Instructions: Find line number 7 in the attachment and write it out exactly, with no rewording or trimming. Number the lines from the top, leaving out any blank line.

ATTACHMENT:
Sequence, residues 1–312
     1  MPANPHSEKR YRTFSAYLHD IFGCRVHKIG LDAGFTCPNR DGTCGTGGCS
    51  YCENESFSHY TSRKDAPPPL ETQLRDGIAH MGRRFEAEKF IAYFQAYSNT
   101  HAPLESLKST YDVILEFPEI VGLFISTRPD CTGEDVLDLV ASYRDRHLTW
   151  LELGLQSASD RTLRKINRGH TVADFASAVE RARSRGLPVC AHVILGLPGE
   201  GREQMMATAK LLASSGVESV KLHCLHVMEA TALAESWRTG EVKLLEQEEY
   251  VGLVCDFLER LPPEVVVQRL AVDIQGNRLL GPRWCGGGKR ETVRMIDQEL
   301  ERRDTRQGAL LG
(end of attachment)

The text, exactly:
   251  VGLVCDFLER LPPEVVVQRL AVDIQGNRLL GPRWCGGGKR ETVRMIDQEL